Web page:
RED BOX/Chase The Setting Sun reviewed!

It’s not the size of your catalog that matters, it’s how you use it…

Years before it became a name for a mobile video rental service, Red Box was a band. To be more precise, British Pop outfit Red Box released their debut single – “Chenko” – in 1983. Since then, they’ve only managed to release four albums, but what they lack in quantity, they certainly make up for in quality. Red Box is a staggeringly original outfit that mixes everything from classic Pop to Native American chants, from World Music rhythms to winsome sing-along melodies. Whether the song is bright and upbeat or slow and somber, there’s always a feeling of pure passion that inhabits Red Box recordings.

Initially, Red Box was a duo comprised of vocalist and guitarist Simon Toulson-Clarke and multi-instrumentalist Julian Close. Their debut album, THE CIRCLE AND THE SQUARE, was released in 1986. In some ways, the album was the rambunctious musical offspring of Peter Gabriel’s SO and Kate Bush’s THE HOUNDS OF LOVE. Mixing then-modern technology with World rhythms and addictive melodies, THE CIRCLE AND THE SQUARE was a marvel of an album that spawned a few hit singles in many countries but avoided bothering U.S. charts. By the time Red Box returned in 1990 with the MOTIVE album, Julian had left the band and Red Box became a collective headed by Simon. This sophomore release was less jubilant than the first album but was filled with melodies that were warm and lovable. Another 20 years passed before Simon and Red Box returned with PLENTY, an album that was their most direct and personal to date. Filled with gorgeous melodies, PLENTY continued the less frantic feel of MOTIVE with melodies that seemed to drip from the heavens. Always beautiful but sometimes heartbreaking, PLENTY was worlds away from the joyful jive of THE CIRCLE AND THE SQUARE but was certainly just as worthy.

Now, nearly a decade later, Simon brings Red Box up to date with their fourth full-length, CHASE THE SETTING SUN. This is an album that pulls all the best elements of their past, offering up a set of songs that are sparkling and new yet retain all the musical benchmarks that drew us to Red Box in the first place. Regardless of when you first got into the band, this album has something for everybody.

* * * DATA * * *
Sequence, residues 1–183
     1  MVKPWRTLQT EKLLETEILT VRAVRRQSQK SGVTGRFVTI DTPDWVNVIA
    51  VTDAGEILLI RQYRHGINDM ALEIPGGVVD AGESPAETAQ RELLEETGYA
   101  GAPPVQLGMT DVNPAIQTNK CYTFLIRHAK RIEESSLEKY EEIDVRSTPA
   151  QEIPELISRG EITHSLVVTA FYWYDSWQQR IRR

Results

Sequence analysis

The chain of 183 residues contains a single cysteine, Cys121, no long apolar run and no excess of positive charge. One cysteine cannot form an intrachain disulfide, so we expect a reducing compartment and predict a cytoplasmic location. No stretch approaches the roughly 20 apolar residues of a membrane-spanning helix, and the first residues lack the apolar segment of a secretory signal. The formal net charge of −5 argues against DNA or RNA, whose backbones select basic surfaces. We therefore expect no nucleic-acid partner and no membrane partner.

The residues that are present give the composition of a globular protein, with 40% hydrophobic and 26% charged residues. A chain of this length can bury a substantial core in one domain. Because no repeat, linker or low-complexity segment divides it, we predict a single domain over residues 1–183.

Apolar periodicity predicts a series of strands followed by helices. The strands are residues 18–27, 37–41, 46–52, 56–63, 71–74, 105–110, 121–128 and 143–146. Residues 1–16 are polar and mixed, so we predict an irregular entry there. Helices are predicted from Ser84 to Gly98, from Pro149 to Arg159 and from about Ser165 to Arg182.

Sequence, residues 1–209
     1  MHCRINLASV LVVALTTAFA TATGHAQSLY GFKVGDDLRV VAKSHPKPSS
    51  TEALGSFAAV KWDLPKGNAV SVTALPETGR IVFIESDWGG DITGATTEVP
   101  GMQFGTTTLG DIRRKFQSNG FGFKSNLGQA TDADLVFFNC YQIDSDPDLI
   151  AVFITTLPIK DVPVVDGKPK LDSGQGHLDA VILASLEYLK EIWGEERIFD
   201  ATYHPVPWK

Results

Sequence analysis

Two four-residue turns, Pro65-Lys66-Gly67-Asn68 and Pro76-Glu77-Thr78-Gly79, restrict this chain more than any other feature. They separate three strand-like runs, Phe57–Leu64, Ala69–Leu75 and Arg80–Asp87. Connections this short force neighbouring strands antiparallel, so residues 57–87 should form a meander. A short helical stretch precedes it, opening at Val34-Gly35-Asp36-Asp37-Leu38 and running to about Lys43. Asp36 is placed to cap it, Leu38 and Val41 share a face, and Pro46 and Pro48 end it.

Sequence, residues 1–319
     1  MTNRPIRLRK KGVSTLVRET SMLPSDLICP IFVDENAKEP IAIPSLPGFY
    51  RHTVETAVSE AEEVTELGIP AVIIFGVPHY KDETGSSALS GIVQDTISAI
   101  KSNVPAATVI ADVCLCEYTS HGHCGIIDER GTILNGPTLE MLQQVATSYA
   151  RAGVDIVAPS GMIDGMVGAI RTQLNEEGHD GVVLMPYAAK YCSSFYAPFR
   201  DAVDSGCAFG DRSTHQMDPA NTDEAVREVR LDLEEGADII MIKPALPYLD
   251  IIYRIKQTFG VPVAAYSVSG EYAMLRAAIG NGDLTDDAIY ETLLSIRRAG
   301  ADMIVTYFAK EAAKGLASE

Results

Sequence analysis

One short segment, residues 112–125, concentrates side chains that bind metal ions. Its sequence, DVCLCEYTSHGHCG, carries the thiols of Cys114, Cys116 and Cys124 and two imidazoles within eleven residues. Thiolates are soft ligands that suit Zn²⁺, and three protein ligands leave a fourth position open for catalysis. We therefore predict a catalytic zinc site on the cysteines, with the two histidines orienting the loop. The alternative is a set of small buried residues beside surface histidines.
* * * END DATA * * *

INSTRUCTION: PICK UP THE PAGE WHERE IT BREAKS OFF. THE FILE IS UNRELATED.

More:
The album starts off with three of the catchiest Pop anthems you’ll hear all year: “This Is What We Came For,” “Chase The Setting Sun,” and “Gods & Kings.” While there have been some great albums released in 2019, you’d be hard-pressed to find a better triple-thronged Pop attack to open an album. While not as musically eclectic as tracks off their debut album, these three songs will remind you why we need more Red Box in our lives.

“Why So Few” and “Say You Will” slow down the pace a bit, offering up some beautiful melodies that will swirl around inside your head for days before finally settling in your heart for the long haul. Simon Toulson-Clarke’s ability to inject life-affirming melodies into anthems and ballads is astonishing at times.

If you are a fan of Red Box’s more adventurous music, then you’re in for a treat with the remainder of the album. “Ho Ho!” brings back the tribal rhythms and American Indian chants in grand fashion, but mixes it with a glammy Rock groove. “99 Stars” is an eclectic lullaby that children can sing aloud while the adults allow its gorgeous melody to ping-pong around inside their heads for days. “Hurry” is a lovely mid-tempo track that is warm and inviting, mixing PLENTY’s tenderness with the debut album’s worldly musical vision. “Starwalker” is another foray into glammy chants and glorious Pop melodies. “Shadows & Wildrose” is a folky ballad that floats above the ether, inviting the listener to open their minds and follow along. “Everybody’s Got Some Disguise” is a gem of an album closer, blending the moody vibe of the MOTIVE album with more warmth.

In the end, CHASE THE SETTING SUN is everything you wanted a new Red Box album to be… and then some! Like lullabies for grown-ups, the melodies on this album whirl and twirl like audio acrobats around the room. There are enough “la la la’s,” “da da das” and “hey yah yahs” on CTSS to keep you singing along for days. Whether you are a longtime fan or not, this is an album that you need to listen to… loudly. It is cotton candy for the ears and a tonic for the soul. It is a layered and powerful musical statement that is pretending to be a simple Pop album. And it is glorious!

Keep on truckin’
Stephen SPAZ Schnee


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